Today, of course, is September11. It seems impossible that 11 years have gone by since that day, which no one here will ever forget. As the building goes on for monuments in NYC and elsewhere, I thought I would take a quick look at another memorial built to commemorate a terrible event–the Great Fire monument in London.
The Great Fire started in a Pudding Lane bakeshop on September 2, 1666, and nearly wiped out the entire city (old, brittle, and built mostly of wood) before it was contained several days later. The Rebuilding Act of 1669 specified that some sort of memorial be built “the better to preserve the memory of this dreadful visitation.” It wasn’t until 1671 that the City Council approved a design, and 6 years before it was complete (plus another 2 before the inscription was finished!). The final cost was 13,450 pounds.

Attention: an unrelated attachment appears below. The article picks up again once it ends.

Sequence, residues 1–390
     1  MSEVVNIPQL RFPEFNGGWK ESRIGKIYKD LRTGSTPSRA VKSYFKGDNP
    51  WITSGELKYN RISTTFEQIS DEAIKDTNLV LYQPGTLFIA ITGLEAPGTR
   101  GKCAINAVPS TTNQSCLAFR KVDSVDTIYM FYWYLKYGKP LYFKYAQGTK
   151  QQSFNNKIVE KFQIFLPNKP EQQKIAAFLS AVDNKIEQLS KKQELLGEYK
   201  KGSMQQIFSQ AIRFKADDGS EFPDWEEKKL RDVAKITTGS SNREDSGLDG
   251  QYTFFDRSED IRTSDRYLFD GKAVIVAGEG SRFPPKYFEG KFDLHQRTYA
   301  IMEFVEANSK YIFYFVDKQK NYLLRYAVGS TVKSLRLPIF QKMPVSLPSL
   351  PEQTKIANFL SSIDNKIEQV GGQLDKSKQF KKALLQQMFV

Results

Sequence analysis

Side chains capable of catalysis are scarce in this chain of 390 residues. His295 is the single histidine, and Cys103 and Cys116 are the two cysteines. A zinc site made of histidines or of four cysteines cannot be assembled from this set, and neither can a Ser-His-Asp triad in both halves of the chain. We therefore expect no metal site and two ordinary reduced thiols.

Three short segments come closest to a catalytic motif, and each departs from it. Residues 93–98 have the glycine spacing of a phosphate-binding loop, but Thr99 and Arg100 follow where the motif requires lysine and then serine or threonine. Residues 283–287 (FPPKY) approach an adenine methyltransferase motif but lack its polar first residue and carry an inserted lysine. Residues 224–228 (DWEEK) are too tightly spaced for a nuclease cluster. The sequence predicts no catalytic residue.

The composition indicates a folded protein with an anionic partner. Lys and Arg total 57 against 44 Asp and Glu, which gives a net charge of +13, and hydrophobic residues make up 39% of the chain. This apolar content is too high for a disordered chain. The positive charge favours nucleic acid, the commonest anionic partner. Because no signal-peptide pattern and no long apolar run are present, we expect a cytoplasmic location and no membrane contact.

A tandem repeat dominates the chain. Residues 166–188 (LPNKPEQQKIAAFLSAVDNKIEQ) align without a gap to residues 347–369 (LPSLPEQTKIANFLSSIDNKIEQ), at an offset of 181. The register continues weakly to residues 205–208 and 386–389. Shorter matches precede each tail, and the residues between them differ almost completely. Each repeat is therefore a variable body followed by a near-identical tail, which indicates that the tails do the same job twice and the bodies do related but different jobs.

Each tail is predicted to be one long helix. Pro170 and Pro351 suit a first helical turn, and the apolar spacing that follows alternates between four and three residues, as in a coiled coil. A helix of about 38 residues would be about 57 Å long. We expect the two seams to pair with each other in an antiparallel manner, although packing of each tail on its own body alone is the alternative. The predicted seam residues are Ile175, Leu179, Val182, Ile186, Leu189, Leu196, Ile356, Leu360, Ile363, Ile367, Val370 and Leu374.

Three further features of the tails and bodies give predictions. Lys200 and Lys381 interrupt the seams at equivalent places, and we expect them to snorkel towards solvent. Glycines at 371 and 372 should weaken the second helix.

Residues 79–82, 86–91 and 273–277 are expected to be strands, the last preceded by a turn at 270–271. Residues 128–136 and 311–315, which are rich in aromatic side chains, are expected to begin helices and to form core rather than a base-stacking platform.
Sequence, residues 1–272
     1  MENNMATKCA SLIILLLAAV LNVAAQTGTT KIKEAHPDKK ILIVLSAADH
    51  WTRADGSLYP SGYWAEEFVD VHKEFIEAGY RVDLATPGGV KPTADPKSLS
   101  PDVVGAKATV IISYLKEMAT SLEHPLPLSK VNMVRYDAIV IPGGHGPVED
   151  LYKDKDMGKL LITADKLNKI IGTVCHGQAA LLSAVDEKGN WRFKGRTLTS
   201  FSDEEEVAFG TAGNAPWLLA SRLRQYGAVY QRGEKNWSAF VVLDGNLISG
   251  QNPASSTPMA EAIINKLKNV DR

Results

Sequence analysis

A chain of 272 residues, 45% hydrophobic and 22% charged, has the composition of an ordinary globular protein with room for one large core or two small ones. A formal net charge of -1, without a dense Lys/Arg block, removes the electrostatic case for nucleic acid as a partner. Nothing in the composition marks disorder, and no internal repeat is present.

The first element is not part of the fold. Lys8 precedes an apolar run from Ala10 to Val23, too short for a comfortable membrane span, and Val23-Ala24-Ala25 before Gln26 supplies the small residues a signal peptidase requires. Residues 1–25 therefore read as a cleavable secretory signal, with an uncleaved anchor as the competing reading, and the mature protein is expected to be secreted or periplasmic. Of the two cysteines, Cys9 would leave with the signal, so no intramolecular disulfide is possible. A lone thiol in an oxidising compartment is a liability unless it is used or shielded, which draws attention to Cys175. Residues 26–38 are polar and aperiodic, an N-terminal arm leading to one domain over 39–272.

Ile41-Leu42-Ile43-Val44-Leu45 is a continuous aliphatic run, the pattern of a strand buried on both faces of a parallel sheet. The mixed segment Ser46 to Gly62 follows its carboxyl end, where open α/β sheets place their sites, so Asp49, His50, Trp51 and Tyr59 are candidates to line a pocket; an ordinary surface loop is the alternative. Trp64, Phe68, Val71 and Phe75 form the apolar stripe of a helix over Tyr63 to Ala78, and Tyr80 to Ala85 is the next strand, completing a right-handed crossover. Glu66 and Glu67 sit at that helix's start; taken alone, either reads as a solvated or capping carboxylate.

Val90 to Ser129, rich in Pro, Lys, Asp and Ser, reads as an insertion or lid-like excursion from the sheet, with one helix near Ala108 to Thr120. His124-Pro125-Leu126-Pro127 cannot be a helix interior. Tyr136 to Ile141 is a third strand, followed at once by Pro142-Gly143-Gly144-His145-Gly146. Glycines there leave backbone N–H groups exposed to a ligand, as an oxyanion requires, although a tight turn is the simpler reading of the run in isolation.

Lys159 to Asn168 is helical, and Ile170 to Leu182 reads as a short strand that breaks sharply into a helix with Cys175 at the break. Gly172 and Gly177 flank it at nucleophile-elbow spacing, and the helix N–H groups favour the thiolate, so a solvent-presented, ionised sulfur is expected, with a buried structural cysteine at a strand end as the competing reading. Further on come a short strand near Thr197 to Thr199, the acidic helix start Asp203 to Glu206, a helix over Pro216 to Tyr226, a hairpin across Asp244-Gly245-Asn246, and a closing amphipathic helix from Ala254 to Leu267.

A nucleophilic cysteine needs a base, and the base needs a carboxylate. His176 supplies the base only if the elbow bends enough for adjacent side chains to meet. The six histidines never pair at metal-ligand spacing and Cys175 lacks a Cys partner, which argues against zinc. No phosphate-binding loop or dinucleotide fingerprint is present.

It’s a fluted Doric column of Portland stone topped with a crown of gilded flames at Monument Street and Fish Street Hill, 200 feet tall and 202 feet from the spot where the fire started (it’s said if the column topples that way it would land on the exact spot). It’s on the site of St. Margaret’s, Fish Street, the first church destroyed in the fire. The top is reached by a narrow winding staircase of 311 steps (a cage was added in the 1840s to prevent suicides). I am very claustrophobic, and have never tried this myself, but I hear the view is amazing!
The base is inscribed on 3 sides–the south describes the actions King Charles II took following the fire, the east how the monument was built and the mayors who oversaw it, the north how the fire started and was finally contained (a line about “Popish frenzy” was erased in 1830), and the west is a bas relief sculpture of Charles II and his brother the Duke of York, surrounded by Liberty, Architecture, and Science, directing the restoration of the city.
(For more info on the fire itself, look here…)
Have you ever seen this monument? What is the most moving/interesting/beautiful memorial you’ve seen??